Ukrainian rescuers sifted through the rubble of a shopping mall in Kremenchuk looking for survivors the day after it was struck by Russian missiles, killing at least 20, as Western leaders vowed fresh measures to increase economic pressure on Moscow to call off its forces.
“More than a thousand people worked all night on the ruins—rescuers, police, medics and volunteers,” said Dmytro Lunin, governor of the Poltava region, where the Amstor shopping mall was hit. “We’re continuing the search.”
A spokesman for Ukrainian President Volodymyr Zelensky announced new casualty figures, including 59 injured, and said 40 were still missing.
The daylight attack on the crowded mall, hundreds of miles away from the front lines in eastern Ukraine, was the latest in an uptick in Russian strikes on civilian targets, including areas in the capital, Kyiv. Russia’s Defense Ministry Tuesday said the missile strike in Poltava hit an arms depot that caused a fire in the shopping center, which Moscow said was closed at the time.
Mr. Zelensky spoke with NATO Secretary-General Jens Stoltenberg about Ukraine’s need to shore up its defenses against Russian missile strikes as the North Atlantic Treaty Organization prepared for its annual summit meeting in Madrid Tuesday. “Stressed the importance of a powerful missile defense system for Ukraine to prevent Russian terrorist attacks,” Mr. Zelensky wrote on Twitter.
Mr. Stoltenberg said NATO would step up its support for Ukraine now and in the long term. Hours after the attack on the mall in Kremenchuk, leaders of the Group of Seven leading industrialized nations issued a stark condemnation, describing it as a war crime.
“We stand united with Ukraine in mourning the innocent victims of this brutal attack,” the leaders of the U.S., Canada, Britain, Germany, France, Italy and Japan said in a statement.
“Indiscriminate attacks on innocent civilians constitute a war crime. Russian President Putin and those responsible will be held to account.”
The G-7 pledged to provide financial, humanitarian as well as military support for Ukraine until “Russia ends its cruel and senseless war on Ukraine.”
The group also agreed to work on further sanctions against the Kremlin, including a ban of Russian gold exports and a cap on the price of Russian oil and gas to limit its revenue from natural resources.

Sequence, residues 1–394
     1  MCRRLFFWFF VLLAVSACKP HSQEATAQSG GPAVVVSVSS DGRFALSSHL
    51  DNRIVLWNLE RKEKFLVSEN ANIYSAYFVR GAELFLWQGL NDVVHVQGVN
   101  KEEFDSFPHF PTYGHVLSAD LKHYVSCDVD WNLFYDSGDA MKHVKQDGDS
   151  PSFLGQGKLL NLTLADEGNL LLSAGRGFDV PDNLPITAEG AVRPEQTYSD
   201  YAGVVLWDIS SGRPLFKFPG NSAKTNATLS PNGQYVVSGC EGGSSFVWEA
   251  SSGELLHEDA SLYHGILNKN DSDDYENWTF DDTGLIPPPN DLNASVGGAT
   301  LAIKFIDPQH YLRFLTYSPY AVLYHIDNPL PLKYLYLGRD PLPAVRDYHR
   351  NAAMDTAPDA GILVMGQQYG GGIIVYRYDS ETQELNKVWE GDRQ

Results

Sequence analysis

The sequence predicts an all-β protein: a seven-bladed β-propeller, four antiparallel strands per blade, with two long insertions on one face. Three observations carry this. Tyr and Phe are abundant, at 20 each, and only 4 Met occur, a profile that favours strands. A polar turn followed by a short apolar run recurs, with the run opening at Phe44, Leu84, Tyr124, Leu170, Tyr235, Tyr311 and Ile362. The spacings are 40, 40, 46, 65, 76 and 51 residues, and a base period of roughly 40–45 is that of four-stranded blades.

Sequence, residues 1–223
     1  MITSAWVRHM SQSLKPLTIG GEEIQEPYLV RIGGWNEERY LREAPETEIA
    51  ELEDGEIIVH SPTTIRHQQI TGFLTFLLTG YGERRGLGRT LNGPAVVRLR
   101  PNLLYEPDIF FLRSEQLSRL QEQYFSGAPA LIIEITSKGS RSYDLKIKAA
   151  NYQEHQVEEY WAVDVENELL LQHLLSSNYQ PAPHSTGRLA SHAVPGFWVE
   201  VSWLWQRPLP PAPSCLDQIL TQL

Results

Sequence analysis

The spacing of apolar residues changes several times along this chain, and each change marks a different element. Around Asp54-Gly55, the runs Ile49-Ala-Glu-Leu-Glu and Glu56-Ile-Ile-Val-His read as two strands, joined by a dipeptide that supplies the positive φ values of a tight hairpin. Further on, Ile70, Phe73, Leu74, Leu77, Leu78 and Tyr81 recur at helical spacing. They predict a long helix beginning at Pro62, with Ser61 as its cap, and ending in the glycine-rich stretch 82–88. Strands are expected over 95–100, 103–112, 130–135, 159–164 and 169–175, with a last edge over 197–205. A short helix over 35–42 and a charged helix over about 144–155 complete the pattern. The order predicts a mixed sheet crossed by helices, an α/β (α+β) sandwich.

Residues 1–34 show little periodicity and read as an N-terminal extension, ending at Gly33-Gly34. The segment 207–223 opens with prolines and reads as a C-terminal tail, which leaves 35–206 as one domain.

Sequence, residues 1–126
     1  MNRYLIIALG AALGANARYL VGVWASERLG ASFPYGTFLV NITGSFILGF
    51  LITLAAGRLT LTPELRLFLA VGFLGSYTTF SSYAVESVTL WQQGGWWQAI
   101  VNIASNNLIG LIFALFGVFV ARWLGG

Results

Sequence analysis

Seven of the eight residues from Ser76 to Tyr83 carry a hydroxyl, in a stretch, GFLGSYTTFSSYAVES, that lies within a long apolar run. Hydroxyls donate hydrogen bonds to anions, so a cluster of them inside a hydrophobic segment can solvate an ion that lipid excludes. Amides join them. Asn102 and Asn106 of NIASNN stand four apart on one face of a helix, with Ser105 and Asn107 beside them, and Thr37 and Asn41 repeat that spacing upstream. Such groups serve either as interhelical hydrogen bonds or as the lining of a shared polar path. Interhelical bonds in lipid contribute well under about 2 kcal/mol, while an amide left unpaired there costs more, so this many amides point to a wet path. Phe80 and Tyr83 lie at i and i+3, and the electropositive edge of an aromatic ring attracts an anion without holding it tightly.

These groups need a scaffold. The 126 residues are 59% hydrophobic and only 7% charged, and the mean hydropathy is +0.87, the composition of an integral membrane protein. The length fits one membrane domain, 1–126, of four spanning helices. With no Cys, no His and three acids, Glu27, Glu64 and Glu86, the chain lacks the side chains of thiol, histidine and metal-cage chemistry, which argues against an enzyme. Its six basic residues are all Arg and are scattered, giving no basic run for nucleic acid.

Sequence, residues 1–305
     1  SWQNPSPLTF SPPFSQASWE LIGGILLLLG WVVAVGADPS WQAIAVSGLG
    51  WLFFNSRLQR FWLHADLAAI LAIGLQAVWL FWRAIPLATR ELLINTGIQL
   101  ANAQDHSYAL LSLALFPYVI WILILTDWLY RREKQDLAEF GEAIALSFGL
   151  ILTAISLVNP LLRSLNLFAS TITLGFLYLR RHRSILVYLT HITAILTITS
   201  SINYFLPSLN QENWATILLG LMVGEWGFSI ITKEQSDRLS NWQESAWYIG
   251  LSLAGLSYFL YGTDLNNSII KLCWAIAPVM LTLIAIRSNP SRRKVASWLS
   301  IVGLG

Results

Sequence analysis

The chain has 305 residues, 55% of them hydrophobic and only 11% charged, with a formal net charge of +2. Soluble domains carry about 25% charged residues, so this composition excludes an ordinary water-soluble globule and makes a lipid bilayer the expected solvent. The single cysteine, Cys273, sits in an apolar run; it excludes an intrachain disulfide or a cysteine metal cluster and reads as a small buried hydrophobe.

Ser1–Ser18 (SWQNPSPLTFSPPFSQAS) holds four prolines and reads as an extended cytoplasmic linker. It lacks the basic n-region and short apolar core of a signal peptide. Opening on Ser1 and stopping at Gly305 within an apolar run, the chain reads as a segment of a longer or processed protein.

The U.K.’s Ministry of Defense said the growing number of missile strikes had been launched from both Russia and Belarus, but had failed to hit any strategically important targets. Over the weekend, a residential building was hit when Russian forces unleashed a volley of missiles at the Ukrainian capital. Russia said it had targeted an arms-manufacturing plant and that the civilian damage had been due to Ukrainian air-defense systems.
On the eastern front, Ukraine has worked to consolidate its position in Lysychansk, which overlooks current Russian positions in the city of Severodonetsk which fell to Russian forces last week.
Russia’s capture of Lysychansk would effectively bring all of Luhansk province, which makes up half the Donbas region, under Moscow’s control, bringing the Kremlin one step closer to its goal of fighting for the heavily Russian speaking eastern Ukraine region, which was once the economic engine of the country.
“Lysychansk is the last outpost of the Luhansk region,” said Ukrainian regional head of Luhansk, Serhiy Haidai. “Our main task is to hold out as long as possible.”
Mr. Haidai said the city hasn’t had deliveries of necessary supplies and medicine for weeks and Russians fired on the city with Hurricane cluster munitions, which are widely prohibited internationally, though neither Kyiv nor Moscow have signed the convention that outlaws them.
Vitaliy Kim, the governor of the country’s southern Mykolaiv province, said Tuesday that cities across the region had come under intense Russian rocket fire and that authorities were clarifying casualties. He said at least three people had been killed in the strikes overnight.